Women in the working age category of 15 to 60 years spend 7.2 hours on unpaid domestic work compared to 2.8 hours spent by men, indicating they have “time poverty", as per a research conducted by a professor from the Indian Institute of Management Ahmedabad.
Even wage-earning women spend twice the amount of time on unpaid domestic work in comparison to wage-earning men in fulfilling basic needs of the household such as cleaning, preparing meals and caregiving, says the research which is based on the Time Use Survey (TUS) of the National Sample Survey Office (NSSO).
Though it is a known fact that women spend more time in unpaid household activities, the research paper “Time Use Data: A Tool for Gendered Policy Analysis”, claims that it for the first time quantifies the time that women in India spend on domestic work.
“The new thing about this survey is based on the first TUS by the NSSO, we can now point out the exact hours women in the working age category spend on unpaid domestic work. On an average, Indian women spend 7.2 hours of their daily time for such work while men spend 2.8 hours,” IIMA Prof Namrata Chindarkar told PTI.
Over the years, time use data has gained significance as a tool to examine gender inequality. Studies based on harmonised time use surveys conducted in Europe reveal that time use data have been instrumental in understanding the allocation of time between women and men across various activities, she said.
"These studies particularly find that, across countries, women spend more time on fulfilling basic needs of the household such as cleaning, preparing meals and caregiving," Chindarkar said. "The TUS conducted by the NSSO in 2019 is the first national time use survey for India (with the exception of Andaman and Nicobar Islands). It collects data using a 24-hour time diary (4 am to 4 am the next day) on a normal day of the week," she added.
The paper has examined the TUS data to assess whether expectations from gender roles shape the allocation of time between men and women in India.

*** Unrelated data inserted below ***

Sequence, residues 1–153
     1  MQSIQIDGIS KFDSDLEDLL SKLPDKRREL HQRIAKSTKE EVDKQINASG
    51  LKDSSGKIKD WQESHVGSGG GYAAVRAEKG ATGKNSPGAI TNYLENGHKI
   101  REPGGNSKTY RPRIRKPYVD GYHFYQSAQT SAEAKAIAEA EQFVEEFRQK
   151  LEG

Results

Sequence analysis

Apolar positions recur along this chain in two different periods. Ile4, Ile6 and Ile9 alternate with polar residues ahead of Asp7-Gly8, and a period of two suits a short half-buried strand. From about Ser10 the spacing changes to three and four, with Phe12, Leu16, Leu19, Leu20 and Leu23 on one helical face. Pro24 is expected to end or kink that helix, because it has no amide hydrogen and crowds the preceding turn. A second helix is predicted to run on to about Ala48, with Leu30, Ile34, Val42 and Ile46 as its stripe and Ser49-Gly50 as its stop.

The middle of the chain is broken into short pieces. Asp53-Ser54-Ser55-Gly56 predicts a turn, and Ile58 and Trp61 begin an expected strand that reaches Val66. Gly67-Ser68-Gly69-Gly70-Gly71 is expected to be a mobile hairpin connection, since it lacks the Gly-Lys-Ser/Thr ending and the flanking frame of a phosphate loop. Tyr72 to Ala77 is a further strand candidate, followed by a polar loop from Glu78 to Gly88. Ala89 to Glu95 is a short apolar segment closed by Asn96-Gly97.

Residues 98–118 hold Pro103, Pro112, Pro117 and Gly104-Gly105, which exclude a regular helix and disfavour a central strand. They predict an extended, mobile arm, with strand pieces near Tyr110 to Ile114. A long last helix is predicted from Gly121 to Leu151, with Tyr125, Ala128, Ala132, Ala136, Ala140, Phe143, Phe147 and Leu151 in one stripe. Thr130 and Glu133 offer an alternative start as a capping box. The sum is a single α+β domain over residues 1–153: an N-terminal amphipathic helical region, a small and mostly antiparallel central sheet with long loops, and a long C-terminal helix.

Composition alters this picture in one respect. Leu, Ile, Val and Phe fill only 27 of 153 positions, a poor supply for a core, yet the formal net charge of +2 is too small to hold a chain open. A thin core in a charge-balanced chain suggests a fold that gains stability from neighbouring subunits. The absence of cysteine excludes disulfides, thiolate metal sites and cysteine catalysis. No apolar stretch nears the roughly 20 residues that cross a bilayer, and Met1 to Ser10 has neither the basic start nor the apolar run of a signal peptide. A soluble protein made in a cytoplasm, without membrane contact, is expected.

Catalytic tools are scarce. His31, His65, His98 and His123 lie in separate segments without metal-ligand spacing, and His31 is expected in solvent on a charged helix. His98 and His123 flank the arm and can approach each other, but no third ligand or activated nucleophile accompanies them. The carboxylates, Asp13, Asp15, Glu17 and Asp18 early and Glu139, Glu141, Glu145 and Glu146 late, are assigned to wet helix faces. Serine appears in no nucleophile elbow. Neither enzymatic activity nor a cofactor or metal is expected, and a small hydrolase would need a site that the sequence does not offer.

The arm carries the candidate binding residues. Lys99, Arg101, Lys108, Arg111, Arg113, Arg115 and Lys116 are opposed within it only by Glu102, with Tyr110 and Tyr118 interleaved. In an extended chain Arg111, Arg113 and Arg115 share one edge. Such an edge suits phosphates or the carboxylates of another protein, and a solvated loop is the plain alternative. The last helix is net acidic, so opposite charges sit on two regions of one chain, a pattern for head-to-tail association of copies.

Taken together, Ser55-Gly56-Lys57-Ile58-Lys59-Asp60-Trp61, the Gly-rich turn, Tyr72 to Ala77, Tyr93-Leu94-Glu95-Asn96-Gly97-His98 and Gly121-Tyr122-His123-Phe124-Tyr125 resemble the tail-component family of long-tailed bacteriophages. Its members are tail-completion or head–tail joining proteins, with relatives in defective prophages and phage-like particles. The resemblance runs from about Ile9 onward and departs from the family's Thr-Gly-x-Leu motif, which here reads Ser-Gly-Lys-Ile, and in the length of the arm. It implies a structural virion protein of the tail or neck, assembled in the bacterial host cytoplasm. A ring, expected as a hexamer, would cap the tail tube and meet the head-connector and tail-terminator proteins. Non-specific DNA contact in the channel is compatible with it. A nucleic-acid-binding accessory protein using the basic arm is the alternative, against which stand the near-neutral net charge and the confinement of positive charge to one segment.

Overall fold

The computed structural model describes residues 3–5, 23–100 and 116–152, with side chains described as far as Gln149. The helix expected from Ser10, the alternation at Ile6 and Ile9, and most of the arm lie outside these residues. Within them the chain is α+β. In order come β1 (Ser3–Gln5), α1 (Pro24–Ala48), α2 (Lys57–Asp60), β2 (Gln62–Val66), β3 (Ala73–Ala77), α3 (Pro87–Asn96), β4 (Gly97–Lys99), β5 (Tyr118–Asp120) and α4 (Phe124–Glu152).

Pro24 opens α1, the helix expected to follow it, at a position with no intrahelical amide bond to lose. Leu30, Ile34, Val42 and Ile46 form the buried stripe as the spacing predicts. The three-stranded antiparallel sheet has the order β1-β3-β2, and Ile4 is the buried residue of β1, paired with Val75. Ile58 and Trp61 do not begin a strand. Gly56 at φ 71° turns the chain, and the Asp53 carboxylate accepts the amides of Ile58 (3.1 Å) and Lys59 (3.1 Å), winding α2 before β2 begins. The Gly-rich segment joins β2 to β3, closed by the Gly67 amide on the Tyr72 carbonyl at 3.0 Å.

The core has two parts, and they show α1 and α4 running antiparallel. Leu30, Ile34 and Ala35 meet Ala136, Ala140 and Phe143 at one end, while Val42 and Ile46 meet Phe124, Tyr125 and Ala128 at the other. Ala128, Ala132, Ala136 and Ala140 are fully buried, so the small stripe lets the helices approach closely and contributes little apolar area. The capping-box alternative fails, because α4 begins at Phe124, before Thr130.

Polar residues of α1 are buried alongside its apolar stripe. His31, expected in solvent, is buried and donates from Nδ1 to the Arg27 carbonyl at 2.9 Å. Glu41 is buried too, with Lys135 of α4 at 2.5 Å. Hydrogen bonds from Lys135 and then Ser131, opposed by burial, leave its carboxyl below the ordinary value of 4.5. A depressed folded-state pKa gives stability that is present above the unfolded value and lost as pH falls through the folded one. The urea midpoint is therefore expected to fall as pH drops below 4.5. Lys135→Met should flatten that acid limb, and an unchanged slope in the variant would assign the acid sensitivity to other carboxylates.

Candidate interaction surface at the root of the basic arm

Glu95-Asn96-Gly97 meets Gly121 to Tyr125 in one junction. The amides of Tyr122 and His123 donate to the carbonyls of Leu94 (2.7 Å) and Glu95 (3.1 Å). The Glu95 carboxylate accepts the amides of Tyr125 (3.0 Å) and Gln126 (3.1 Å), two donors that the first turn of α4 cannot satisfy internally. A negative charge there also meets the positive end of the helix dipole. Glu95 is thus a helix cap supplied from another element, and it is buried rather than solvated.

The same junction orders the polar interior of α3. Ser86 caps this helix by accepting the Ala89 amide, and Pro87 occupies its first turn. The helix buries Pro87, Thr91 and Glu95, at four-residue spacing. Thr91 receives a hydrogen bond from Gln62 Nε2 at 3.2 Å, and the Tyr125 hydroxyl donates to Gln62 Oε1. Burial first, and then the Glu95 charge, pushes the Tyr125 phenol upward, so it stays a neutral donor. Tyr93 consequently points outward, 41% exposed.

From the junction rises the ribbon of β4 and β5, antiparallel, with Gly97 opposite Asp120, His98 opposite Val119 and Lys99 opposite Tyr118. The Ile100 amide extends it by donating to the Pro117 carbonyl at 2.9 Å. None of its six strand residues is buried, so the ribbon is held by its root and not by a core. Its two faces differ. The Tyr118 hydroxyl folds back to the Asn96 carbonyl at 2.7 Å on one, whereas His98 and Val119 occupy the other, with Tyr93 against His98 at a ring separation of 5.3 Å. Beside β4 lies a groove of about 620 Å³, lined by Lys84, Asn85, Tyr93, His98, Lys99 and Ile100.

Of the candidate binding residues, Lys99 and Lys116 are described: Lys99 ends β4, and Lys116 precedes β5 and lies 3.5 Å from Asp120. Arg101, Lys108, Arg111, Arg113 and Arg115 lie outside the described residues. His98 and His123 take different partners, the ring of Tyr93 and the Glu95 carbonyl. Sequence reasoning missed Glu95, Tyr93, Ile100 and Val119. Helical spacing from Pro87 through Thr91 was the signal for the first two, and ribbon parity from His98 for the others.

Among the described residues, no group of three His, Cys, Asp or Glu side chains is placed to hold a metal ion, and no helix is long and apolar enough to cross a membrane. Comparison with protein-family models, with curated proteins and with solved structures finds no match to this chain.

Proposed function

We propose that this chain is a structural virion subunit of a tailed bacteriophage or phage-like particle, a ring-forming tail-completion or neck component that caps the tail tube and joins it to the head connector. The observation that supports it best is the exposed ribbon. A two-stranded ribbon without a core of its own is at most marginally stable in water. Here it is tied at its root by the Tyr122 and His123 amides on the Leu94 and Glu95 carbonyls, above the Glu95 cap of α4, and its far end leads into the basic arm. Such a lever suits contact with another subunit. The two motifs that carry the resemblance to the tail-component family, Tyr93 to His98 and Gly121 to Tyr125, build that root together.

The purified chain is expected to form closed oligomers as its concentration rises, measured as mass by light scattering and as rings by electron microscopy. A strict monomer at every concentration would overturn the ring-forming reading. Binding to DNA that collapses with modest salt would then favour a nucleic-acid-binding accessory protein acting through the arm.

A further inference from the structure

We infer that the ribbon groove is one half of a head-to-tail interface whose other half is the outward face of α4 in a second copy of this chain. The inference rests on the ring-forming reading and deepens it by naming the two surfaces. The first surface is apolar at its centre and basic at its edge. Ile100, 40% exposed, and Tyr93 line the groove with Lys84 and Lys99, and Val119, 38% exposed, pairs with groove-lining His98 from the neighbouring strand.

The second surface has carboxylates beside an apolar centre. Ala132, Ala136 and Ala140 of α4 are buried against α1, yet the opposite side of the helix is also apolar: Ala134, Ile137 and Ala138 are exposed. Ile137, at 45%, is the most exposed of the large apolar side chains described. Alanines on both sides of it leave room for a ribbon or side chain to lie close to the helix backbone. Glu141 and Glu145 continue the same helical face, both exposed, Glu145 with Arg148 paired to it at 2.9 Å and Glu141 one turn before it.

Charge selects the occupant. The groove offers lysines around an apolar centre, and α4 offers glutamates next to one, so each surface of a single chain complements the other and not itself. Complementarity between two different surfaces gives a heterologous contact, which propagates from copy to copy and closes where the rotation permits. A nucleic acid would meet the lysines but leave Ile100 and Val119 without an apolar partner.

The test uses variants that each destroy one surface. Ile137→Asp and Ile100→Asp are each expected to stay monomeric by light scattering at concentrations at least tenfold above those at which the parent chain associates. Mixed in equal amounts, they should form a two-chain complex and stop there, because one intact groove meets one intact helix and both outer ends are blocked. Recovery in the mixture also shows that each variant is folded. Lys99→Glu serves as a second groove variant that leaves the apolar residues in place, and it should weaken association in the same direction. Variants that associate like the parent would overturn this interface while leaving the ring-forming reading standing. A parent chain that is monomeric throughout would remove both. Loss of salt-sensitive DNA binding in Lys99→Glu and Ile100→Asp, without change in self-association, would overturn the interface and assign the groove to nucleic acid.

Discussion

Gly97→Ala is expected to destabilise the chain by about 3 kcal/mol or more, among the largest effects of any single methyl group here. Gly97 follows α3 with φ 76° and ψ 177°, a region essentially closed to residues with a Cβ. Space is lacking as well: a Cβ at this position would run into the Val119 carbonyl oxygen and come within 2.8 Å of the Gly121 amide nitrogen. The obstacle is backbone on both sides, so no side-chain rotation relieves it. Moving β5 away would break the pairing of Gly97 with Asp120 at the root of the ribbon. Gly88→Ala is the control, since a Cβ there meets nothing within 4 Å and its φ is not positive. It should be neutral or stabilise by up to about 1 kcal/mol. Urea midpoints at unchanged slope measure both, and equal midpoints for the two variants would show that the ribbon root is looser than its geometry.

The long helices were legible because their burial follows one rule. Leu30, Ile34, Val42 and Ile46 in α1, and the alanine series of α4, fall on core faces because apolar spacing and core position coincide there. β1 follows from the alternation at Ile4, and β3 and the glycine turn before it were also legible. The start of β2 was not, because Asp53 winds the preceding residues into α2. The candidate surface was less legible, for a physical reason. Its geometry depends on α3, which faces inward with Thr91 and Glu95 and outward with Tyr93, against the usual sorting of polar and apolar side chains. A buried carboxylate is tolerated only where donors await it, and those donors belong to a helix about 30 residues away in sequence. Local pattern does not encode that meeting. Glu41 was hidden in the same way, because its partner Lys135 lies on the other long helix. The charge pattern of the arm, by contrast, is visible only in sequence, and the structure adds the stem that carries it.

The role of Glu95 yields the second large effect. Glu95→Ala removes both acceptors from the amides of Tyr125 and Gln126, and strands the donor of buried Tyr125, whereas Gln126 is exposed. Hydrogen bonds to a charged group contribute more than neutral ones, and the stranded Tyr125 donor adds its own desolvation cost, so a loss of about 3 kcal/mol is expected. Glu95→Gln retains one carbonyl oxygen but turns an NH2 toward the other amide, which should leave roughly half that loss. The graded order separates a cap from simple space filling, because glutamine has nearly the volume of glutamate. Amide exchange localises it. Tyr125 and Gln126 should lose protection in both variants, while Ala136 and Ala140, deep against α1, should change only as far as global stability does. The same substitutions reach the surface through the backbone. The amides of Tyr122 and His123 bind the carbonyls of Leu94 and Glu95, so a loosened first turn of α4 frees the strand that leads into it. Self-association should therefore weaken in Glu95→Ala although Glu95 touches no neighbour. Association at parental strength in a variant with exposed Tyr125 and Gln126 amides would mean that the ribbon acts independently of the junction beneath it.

It further finds out that “even wage-earning women spend twice the amount of time on unpaid domestic work in comparison to wage-earning men".
It also says that "men spend nearly 150 minutes more per day on paid employment relative to women." “By itself, the average time spent on activities does not provide a sense of severity of the time burden. To capture the severity, we examine time poverty,” Chindarkar said.
She said they measure time poverty in terms of overwork based on the OECD definition of working more than 50 hours per week.
"We find that women are 24 per cent more likely to have less leisure time in comparison to men. In contrast, we find that wage-earning men are 72 per cent more likely to be overworked compared to wage-earning women. This could plausibly be because of the differences in the nature of jobs and occupations held by men and women,” the research paper said.
The analyses highlight certain gendered patterns. A greater proportion of women’s time is devoted to fulfilling domestic responsibilities irrespective of their employment status. For women in employment, this often results in a “second shift”, it said.
It is now a stylised fact that effective public services, such as access to electricity and clean cooking energy, can alleviate women’s time burden. However, the research paper finds that the magnitude of this difference is small.
“The TUS data suggests that, on an average, women in households that use LPG or other clean cooking fuels spend less time on domestic unpaid activities, which includes meal preparation time, compared to those using traditional fuels. We observe that women in households that use LPG or other clean cooking fuels enjoy an additional leisure time of 41 to 80 minutes compared to those using traditional fuels,” the research said.
Looking again at the TUS data, individuals who reported that electricity is the primary source of lighting for the household, reported, on an average, less time spent on domestic unpaid activities. For women, the time spent on domestic activities was less by around 20 minutes, it said.
“In addition, the average time spent on leisure by women in households having electricity as primary source of lighting was about 35 minutes more compared to those not having electricity as their primary source of lighting,” it said.
The research paper suggested that TUS can be used effectively to form government policies for women.
“As observed from our analysis, by pointing to how women and men allocate their time on various activities, time use data can enhance our understanding of the effects of social norms and gender roles. The time use data can therefore form an effective feedback loop to strengthen policy design,” it said. PTI PD GK GK
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